April 17, 2024

Contact: Mary Juhl; mary.juhl@state.mn.us, 612-358-5733

ST. PAUL, Minn. — The Minnesota Board of Water and Soil Resources (BWSR) is awarding a total of $2.1 million in grant funding to local governments to support climate-smart agricultural practices such as those beneficial to soil health.

Grant recipients are the Redwood SWCD, the Renville County SWCD, the Stevens SWCD, the Kandiyohi SWCD, a partnership between the East Otter Tail SWCD and the Wadena SWCD, and a partnership between the Fillmore County SWCD and Houston County.

This funding is available through the Alliance to Advance Climate Smart Agriculture, a national USDA-funded pilot program led by Virginia Tech University (formerly known as the RIPE100 program) to support landowner adoption of climate-smart practices. During the three-year pilot program, a total of $80 million will be available to partners in Minnesota, Virginia, Arkansas and North Dakota for program administration and direct financial incentives for producers. Through the pilot program, farmers and ranchers in participating districts will be eligible to receive $100 per acre or animal unit by voluntarily implementing practices that sequester carbon, improve soil health, reduce greenhouse gas emissions and improve water quality and conservation. Up to $13 million is expected to be available in mid-2024 to producers in Minnesota for these practices.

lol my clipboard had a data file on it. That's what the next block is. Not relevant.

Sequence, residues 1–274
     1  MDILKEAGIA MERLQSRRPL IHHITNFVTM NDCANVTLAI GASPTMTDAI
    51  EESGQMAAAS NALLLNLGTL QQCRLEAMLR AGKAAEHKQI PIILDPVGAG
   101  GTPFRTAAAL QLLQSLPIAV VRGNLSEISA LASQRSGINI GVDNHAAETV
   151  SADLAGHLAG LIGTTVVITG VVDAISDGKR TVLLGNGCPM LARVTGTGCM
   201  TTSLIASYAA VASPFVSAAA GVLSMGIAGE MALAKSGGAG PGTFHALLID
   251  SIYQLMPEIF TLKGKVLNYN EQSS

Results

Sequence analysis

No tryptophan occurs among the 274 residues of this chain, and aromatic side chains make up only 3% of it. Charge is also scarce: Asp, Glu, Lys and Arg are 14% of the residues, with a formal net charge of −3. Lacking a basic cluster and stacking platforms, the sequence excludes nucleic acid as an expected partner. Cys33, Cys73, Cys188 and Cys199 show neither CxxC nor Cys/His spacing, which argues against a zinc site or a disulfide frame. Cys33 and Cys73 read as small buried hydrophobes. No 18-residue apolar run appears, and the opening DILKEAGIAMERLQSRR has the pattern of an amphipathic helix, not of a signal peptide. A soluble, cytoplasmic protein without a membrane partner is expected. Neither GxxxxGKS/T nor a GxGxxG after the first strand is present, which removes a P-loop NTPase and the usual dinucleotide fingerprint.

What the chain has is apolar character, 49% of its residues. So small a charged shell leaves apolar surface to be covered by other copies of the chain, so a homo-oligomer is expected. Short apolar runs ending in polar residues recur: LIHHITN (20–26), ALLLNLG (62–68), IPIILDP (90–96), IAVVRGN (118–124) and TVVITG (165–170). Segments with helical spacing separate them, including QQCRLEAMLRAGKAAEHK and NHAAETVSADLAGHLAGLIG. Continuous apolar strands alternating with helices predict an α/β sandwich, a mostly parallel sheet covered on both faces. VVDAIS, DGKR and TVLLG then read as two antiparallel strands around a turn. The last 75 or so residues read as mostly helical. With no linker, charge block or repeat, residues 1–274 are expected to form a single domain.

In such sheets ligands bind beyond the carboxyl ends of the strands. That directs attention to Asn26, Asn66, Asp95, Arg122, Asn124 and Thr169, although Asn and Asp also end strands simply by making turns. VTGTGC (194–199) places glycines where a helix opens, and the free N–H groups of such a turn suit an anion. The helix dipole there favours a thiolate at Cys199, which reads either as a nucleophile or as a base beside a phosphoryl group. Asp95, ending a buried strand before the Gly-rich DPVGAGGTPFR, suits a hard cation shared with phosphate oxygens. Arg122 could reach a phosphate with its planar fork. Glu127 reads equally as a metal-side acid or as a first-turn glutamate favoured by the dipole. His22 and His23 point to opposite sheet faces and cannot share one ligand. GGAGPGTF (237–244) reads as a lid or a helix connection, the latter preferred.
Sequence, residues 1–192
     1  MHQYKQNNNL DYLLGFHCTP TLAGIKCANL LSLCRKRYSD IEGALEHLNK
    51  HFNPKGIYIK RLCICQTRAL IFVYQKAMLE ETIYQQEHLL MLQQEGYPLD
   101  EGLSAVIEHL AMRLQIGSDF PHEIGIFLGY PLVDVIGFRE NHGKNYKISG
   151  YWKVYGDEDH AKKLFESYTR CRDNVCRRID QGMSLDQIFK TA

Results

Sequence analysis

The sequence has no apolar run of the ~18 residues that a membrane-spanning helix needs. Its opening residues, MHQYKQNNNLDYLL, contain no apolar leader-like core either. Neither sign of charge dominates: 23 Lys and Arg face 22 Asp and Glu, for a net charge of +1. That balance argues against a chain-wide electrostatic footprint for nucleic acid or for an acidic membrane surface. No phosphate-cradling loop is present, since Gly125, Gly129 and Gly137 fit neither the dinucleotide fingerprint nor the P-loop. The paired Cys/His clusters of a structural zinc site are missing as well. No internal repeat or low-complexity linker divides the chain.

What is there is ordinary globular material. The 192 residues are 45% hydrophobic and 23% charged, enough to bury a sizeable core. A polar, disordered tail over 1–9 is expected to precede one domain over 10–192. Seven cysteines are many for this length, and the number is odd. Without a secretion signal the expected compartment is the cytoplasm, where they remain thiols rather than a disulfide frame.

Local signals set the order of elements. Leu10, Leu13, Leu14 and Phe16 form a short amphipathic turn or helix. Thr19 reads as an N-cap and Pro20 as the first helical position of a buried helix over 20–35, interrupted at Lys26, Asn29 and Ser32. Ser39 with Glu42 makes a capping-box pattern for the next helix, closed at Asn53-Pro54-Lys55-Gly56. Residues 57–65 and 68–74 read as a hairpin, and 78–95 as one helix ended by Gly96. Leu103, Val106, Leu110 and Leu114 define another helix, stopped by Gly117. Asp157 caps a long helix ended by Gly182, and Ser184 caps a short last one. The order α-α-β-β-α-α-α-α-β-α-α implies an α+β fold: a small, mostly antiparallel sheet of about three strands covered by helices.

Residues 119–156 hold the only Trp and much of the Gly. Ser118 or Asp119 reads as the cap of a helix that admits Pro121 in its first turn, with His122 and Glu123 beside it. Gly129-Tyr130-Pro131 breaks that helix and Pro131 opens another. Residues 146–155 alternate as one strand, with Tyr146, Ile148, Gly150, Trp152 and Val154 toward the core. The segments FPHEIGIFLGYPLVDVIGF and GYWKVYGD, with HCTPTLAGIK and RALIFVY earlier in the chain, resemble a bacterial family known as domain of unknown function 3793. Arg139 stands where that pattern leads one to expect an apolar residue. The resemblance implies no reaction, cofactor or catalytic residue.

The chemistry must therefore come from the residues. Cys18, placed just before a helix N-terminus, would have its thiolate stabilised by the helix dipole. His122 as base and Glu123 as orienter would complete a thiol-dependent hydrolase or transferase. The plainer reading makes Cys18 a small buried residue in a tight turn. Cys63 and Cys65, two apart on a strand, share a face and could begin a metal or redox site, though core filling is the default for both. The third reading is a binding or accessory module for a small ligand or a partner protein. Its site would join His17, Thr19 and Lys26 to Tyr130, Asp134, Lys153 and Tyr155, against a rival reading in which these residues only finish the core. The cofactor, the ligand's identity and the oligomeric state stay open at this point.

“This pilot program offers attractive incentives that will allow producers to try climate-smart practices in a low-risk setting,” BWSR Executive Director John Jaschke said. “Our goal is to prove the value of these practices while putting more conservation on the ground.”

Landowners who live in counties that are receiving funding will be eligible to apply for the $100 per acre or animal unit incentives. Contact your SWCD office for more information and to learn more about when applications will be accepted if you live in Redwood, Renville, Stevens, Kandiyohi, Otter Tail, Wadena, Fillmore or Houston counties.

The Alliance to Advance Climate Smart Agriculture grants are part of a broader effort BWSR is undertaking to work with landowners across the state to improve soil health. BWSR received $21 million from Minnesota’s general fund and $12 million from the Clean Water Fund during the 2023 legislative session to support soil health programming. BWSR was also selected in November to receive $25 million in Regional Conservation Partnership Program (RCPP) funds from the USDA’s Natural Resources Conservation Service for soil health initiatives. Soil health is a priority identified in the Minnesota’s Climate Action Framework.


BWSR is the state soil and water conservation agency, and it administers programs that prevent sediment and nutrients from entering our lakes, rivers, and streams; enhance fish and wildlife habitat; and protect wetlands. The 20-member board consists of representatives of local and state government agencies and citizens. BWSR's mission is to improve and protect Minnesota's water and soil resources by working in partnership with local organizations and private landowners